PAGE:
If you want to get in shape, don’t buy running shoes. Instead, go out and run. There is genuine work and all the activities that feel, smell and taste like work but accomplish nothing. Worse than accomplishing nothing, these feel-good tasks reduce your motivation to do something useful.
Contrary to a lot of self-help wisdom, a study proclaims that telling people about your goals makes you less likely to accomplish them. The reason? Telling people about your goals feels productive. That feeling of productivity reduces the motivation to do something genuinely productive.
Feel-Good Tasks and the Real Thing
Ramit has a similar idea with personal finance he calls the difference between being sexy and being rich. Being sexy is watching your portfolio every day, looking for the best stocks and flopping between six bank accounts to earn an extra three dollars. Being rich is putting your money in an index fund and then waiting 30 or 50 years.
The difference here is the same as before. Eyeballing your portfolio feels like a mental checkmark in the personal finance column. If you give yourself enough checkmarks, then you feel satisfied with your effort–even if nothing was done.
If you want to be fit/productive/rich/in a happy relationship, the best way to start is by avoiding all feel-good tasks. If a task:
- isn’t necessary to get started, OR
- doesn’t directly contribute to your success
…don’t waste your time on it. You can worry about getting the fancier running shoes after you’ve been running every day for a month.
Instead of Counting Omega-3s, Start By Not Eating So Much
Always do the big things first. Because if you start with the little things, you might never get around to what actually matters.
I hate listening to someone with horrible eating habits making purchasing decisions on whether a food item is low-carb, Omega-3 rich or contains pomegranate juice. The problem isn’t whether the cream cheese you ate with your bagel had Omega-3s, but that you ate four of them.
When you get caught up in minutia, the really important stuff gets left undone. Often simply because in buying the low-carb salad dressing, you give yourself a mental checkmark in the “healthy eating” column and proceed to violate the truly important issues.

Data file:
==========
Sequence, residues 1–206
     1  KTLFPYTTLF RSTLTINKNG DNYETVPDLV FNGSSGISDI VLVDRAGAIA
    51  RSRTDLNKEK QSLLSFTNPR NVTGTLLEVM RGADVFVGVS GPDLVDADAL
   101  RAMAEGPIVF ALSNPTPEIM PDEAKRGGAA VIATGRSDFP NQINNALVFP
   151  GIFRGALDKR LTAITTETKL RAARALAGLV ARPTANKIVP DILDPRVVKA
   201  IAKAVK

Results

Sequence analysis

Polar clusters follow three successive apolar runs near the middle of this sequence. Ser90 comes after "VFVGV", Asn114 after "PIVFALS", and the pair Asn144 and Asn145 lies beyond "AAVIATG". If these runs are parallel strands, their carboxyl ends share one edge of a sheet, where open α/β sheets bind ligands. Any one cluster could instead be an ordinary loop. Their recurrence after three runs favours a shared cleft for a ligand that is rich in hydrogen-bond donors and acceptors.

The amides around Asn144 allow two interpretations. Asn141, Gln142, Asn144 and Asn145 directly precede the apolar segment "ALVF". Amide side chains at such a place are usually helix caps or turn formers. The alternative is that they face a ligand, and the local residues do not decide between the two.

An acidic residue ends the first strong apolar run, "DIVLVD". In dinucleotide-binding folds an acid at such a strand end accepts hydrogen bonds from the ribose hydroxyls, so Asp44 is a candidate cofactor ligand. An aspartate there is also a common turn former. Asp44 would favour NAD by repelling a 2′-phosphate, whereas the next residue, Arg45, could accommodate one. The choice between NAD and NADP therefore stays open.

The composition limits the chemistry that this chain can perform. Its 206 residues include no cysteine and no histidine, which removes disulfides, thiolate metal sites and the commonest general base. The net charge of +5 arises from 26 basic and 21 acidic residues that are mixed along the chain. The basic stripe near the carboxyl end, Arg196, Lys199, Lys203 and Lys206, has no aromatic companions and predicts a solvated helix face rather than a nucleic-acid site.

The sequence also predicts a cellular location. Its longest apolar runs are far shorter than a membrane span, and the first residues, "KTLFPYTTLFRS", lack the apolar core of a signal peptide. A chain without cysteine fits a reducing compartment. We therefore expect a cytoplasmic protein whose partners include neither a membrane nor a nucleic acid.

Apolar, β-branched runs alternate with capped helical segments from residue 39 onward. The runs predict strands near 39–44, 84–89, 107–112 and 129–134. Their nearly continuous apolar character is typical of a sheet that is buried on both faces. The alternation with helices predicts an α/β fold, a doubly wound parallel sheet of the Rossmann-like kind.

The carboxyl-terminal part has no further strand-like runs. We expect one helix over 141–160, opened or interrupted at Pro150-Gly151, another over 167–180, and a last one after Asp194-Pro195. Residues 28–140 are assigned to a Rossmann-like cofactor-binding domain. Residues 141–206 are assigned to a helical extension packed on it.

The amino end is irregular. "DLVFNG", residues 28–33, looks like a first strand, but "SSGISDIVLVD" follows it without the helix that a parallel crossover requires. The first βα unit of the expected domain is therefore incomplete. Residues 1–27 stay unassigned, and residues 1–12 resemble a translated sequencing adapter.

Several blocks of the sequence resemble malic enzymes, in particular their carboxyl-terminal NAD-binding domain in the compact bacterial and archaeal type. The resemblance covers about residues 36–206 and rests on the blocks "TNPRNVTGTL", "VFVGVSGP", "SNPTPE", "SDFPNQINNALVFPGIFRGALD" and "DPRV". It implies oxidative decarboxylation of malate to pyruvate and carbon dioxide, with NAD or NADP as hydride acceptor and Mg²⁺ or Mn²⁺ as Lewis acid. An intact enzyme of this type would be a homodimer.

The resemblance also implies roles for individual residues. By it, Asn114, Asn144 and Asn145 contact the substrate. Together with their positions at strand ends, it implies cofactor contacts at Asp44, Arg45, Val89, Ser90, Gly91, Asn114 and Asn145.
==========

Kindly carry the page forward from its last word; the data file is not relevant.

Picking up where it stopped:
Identify Your Feel-Good Tasks
The problem with feel-good tasks is that they often appear productive. It’s only when you really examine them that you realize they aren’t either necessary or directly helpful to your goal.
When I first moved to Winnipeg, I had to completely build a new social circle. After reading a few interesting and helpful articles for improving my social life, I subscribed to a couple blogs and read many articles on the topic. At the time, I felt all the knowledge intake would help me build the kinds of friendships and relationships I wanted.
After a few months I realized that all of the reading was simply a feel-good task. Not only was some of the advice bad, but it held me back from going outside my room and meeting real people. So, at the time, I canceled almost all my subscriptions and stopped reading articles on the topic.
I won’t say universally that articles are always a feel-good task (otherwise why would I bother updating this site?). It really just depends on your personality, and whether you’re using reading as an excuse instead of an enabler.
If you’re serious about any goal, I would create a list of all the activities you do that you associate with that goal. Then go through each item on that list and ask if it is either necessary or directly helpful. If it isn’t, either leave it altogether, or make sure that you only do it after accomplishing the truly necessary and useful work.
Shut Up or Put Up
If you follow the advice of the study I mentioned previously, then telling other people your goals is a bad idea. Instead of telling your friends about your plans to travel the world, start saving quietly for a plane ticket. Instead of telling your friends about how you want to lose weight/get in a relationship/have a better job, start doing some actual work towards it.
I don’t believe talking about your goals is bad, only when it’s done before actually doing the work. Feel-good tasks aren’t harmful if you do them after working hard on all the real work. When I started writing this blog, I read tons of resources on how to make a successful online business. But it didn’t matter because I was actually writing nearly every day.
Leave the running shoes in the store, at least until you’ve put some miles in on your own.